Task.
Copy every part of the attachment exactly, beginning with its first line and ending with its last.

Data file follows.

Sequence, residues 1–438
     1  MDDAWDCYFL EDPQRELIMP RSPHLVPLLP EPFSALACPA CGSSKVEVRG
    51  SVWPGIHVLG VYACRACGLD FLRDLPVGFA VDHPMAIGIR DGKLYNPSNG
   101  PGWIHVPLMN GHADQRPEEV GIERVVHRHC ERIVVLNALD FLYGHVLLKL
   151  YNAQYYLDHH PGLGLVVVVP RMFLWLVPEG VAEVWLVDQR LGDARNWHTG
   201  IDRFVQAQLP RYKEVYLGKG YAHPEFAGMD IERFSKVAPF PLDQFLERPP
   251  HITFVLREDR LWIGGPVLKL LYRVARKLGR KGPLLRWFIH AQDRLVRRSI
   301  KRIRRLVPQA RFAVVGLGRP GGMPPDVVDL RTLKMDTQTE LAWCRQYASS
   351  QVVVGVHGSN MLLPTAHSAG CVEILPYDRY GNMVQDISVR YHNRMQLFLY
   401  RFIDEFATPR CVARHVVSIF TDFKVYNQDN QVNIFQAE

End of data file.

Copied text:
Sequence, residues 1–438
     1  MDDAWDCYFL EDPQRELIMP RSPHLVPLLP EPFSALACPA CGSSKVEVRG
    51  SVWPGIHVLG VYACRACGLD FLRDLPVGFA VDHPMAIGIR DGKLYNPSNG
   101  PGWIHVPLMN GHADQRPEEV GIERVVHRHC ERIVVLNALD FLYGHVLLKL
   151  YNAQYYLDHH PGLGLVVVVP RMFLWLVPEG VAEVWLVDQR LGDARNWHTG
   201  IDRFVQAQLP RYKEVYLGKG YAHPEFAGMD IERFSKVAPF PLDQFLERPP
   251  HITFVLREDR LWIGGPVLKL LYRVARKLGR KGPLLRWFIH AQDRLVRRSI
   301  KRIRRLVPQA RFAVVGLGRP GGMPPDVVDL RTLKMDTQTE LAWCRQYASS
   351  QVVVGVHGSN MLLPTAHSAG CVEILPYDRY GNMVQDISVR YHNRMQLFLY
   401  RFIDEFATPR CVARHVVSIF TDFKVYNQDN QVNIFQAE